Lorna Brown grew up in Ireland but now lives in Massachusetts with her wonderfully patient husband and her three busy daughters. Lorna’s short stories have appeared in literary magazines such as Congruent Spaces, The Manila Envelope, The Missing Slate, and EWR. In the latest installment of our Author of the Month series, she talks to Casey Harding about using fiction to examine people on the fringes of society, what she gained from attending an MFA program, and the differences in art culture between Ireland and America.
You primarily write stories with male protagonists. Is that something that comes more naturally for you? Have you written stories from a female point of view?
That’s a very interesting question and something I hadn’t thought about until now. I don’t think it was a conscious decision to write from the male POV. It’s the story that controls who the protagonist is, and it just happens that any of my stories suit that perspective. In saying that, I have written stories from a female point of view.
There is also a current of loneliness that runs through your stories. A self-imposed loneliness. In your story, ‘The Taste of Salt’, you write of the protagonist, “As a child, Lou had learned to hate attention. Attention was Hagan shouting at him and pulling him from his seat. Attention was her hands pinching his cheeks and her harsh voice flowing over him.” And in ‘The Long Haul’ you write, “He’d abandoned her in a shady motel with a bag of junk food and a hundred dollars. He’d hoped she could be locked away in the same place as his mother’s long fingers and thin mouth so he could drive through the country alone. But traces of Lucia had gone with him. Her scent was on his fingertips, and her silence on his tongue.” What drove you to examine this character type? Is there any background for your choice?
Was your decision to attend an MFA program a difficult one? What do you feel was the most important skill that you developed while attending Emerson?
No, it wasn’t a difficult decision. I knew I had gotten as far as I could go working alone. The course helped me in many ways but if I had to choose one it would be the clarity of my writing. As I’ve said the past and the present tie very much in everything I write. ‘Time jumps’ in my stories used to be very confusing for the reader. One of the most important skills I’ve developed is the ability to allude to past events without taking the reader out of the present happenings, to tie time perfectly in order to show exactly who the character is.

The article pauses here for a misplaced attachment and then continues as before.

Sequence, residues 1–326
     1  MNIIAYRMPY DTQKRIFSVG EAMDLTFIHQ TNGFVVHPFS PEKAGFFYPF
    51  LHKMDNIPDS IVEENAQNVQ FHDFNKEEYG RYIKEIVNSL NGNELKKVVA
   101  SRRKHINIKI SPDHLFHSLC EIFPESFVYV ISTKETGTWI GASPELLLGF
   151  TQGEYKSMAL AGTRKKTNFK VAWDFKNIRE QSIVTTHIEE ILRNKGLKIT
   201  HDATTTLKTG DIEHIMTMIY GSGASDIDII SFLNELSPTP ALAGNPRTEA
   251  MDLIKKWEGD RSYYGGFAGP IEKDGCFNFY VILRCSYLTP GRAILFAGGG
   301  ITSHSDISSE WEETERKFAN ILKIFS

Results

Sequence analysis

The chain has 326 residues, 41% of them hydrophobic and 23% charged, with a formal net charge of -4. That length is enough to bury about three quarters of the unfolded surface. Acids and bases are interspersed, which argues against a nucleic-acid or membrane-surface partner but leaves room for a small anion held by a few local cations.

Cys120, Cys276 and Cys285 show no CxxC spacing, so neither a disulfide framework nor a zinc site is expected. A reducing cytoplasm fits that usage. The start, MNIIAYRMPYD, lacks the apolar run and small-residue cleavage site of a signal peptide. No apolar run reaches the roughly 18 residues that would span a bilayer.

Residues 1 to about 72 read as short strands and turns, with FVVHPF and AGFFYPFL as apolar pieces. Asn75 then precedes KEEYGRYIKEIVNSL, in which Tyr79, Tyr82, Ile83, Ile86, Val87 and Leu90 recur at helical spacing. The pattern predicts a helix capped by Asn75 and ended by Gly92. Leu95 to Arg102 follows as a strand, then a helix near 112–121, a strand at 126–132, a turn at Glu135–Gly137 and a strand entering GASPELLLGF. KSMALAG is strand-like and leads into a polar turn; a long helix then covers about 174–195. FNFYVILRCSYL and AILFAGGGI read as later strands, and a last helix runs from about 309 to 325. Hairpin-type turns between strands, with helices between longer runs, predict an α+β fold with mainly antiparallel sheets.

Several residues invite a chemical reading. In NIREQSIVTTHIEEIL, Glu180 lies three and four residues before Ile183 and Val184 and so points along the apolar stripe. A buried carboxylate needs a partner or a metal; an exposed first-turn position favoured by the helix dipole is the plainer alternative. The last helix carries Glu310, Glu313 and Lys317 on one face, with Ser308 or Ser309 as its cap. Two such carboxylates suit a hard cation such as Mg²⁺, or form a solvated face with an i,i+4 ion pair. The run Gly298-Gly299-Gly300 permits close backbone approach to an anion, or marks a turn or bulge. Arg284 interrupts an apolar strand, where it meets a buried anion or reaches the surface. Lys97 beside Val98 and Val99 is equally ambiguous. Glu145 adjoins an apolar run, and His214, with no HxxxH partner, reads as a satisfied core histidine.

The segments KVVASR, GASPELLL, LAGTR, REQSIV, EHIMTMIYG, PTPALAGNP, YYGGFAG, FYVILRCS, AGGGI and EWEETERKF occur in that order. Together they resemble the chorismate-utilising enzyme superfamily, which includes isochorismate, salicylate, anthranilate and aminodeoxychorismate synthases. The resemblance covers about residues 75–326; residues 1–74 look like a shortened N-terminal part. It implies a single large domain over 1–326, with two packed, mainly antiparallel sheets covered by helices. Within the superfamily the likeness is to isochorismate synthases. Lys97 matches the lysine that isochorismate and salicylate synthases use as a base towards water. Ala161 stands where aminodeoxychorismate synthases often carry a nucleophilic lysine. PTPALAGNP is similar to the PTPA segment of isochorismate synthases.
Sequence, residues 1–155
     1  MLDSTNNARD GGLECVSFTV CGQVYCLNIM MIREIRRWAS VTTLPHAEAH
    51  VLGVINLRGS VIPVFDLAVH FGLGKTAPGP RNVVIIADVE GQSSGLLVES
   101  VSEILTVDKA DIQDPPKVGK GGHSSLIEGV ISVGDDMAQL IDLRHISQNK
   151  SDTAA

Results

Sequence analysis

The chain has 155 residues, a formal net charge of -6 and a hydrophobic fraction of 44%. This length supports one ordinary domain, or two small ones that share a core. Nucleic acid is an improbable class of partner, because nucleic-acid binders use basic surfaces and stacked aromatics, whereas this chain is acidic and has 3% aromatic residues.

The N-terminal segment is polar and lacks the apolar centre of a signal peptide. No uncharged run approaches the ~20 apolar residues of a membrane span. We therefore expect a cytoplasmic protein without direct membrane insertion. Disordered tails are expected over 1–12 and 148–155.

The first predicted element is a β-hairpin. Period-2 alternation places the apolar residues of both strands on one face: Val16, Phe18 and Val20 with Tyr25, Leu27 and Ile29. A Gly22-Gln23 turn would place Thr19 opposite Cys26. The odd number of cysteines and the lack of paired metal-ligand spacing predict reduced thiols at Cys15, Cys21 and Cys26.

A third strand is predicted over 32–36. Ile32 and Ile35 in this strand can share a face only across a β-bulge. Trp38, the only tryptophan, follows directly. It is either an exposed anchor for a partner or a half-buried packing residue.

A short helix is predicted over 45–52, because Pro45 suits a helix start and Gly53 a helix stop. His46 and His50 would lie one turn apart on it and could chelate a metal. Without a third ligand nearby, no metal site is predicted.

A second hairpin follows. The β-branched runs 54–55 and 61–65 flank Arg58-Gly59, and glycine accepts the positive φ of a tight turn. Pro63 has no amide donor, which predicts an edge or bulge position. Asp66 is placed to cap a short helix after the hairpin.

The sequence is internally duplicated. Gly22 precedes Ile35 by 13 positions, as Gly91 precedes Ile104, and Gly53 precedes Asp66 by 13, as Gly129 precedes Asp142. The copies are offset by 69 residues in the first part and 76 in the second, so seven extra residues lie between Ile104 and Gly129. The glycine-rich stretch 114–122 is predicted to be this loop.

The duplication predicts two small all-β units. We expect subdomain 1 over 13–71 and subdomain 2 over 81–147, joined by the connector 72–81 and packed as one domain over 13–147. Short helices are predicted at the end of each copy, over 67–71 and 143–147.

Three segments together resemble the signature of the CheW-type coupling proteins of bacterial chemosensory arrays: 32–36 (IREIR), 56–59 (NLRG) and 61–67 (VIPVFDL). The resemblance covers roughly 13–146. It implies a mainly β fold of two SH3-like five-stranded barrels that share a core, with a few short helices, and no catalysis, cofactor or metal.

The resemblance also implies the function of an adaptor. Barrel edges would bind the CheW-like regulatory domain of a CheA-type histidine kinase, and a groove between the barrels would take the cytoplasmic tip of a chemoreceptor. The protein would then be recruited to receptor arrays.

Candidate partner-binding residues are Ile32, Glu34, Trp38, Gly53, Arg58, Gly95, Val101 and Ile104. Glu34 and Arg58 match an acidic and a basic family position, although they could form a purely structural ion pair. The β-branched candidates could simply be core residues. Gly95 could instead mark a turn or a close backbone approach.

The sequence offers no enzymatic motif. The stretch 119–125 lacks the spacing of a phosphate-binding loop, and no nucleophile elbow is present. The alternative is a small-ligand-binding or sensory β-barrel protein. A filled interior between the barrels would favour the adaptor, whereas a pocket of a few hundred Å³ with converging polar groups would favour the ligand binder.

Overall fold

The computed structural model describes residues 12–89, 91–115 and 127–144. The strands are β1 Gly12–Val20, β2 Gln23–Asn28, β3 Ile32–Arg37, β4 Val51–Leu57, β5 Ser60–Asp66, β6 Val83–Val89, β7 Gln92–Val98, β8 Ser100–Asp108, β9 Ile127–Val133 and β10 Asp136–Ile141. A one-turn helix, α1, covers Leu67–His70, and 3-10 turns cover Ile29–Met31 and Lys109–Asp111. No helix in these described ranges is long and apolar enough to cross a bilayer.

How do you feel that moving countries affected your writing? Was there a difference in the art culture between America and Ireland?
Ireland is a hard country to compare to any other one when it comes to Art, as it is a place of artists and musicians and so much smaller and easier to access. But when I was in Ireland I was at home full time with three young children and writing was very much a solitary endeavor. In contrast, within a couple of years in USA I was immersed in a Master’s Program. So my situation in each country was very different and it’s impossible to contrast. In saying that, I love the way fiction is taught in schools here. At seven my daughters were coming home taking about narrative and POV and understanding the mechanics of story-telling, not just the story. It wasn’t taught like that in Ireland when I was a kid. There are more jobs for teaching fiction in the US too. I can’t say it’s treated more seriously than in Ireland, since writing is very important there, but it is more serious in the same way all work is here. Irish are more laid back. In Ireland there is less work with teaching but I think Art is celebrated more within the community with Art’s Festivals and readings. At least I had some wonderful experiences with Solstice Arts Group and organizing readings and classes.
As for my writing, moving has definitely helped me. It’s opened up avenues. My novel is set in Boston because the story would not be able to take place in Ireland, or at least I cannot imagine it there. My collection started off in the States too, but because the stories were linked and set in a small town, I realized they suited Ireland much more. I have to say I really enjoyed writing those stories because of the Irish characters. I am very much an Irish writer and proud to be so. I love the dark Irish humor and the stories are so much better for it. In ‘Amends’ the dying father has no respect for the church but gets the local priest to visit when his prodigal gay son returns home. The son is ready to tackle the priest to the ground to stop him from entering. I can’t imagine this happening anywhere but Ireland.
Finally, do you have a ritual when you write? Morning / night, coffee / tea, music / no sound?
During the summer I get up at 6 a.m so I can get a couple of hours before the girls get up. They are 12, 9 and 6 now. If I can sneak time in during the day while they play or read I will. Also after dinner while they watch their movie, I will work. I’m better in the morning so I like to write then and edit and revise in the evening. Basically any chance I get. I don’t bother with music. I like silence. We’ve just moved to a house on a quiet slip road surrounded by trees and I have my own study. That’s my favorite place right now.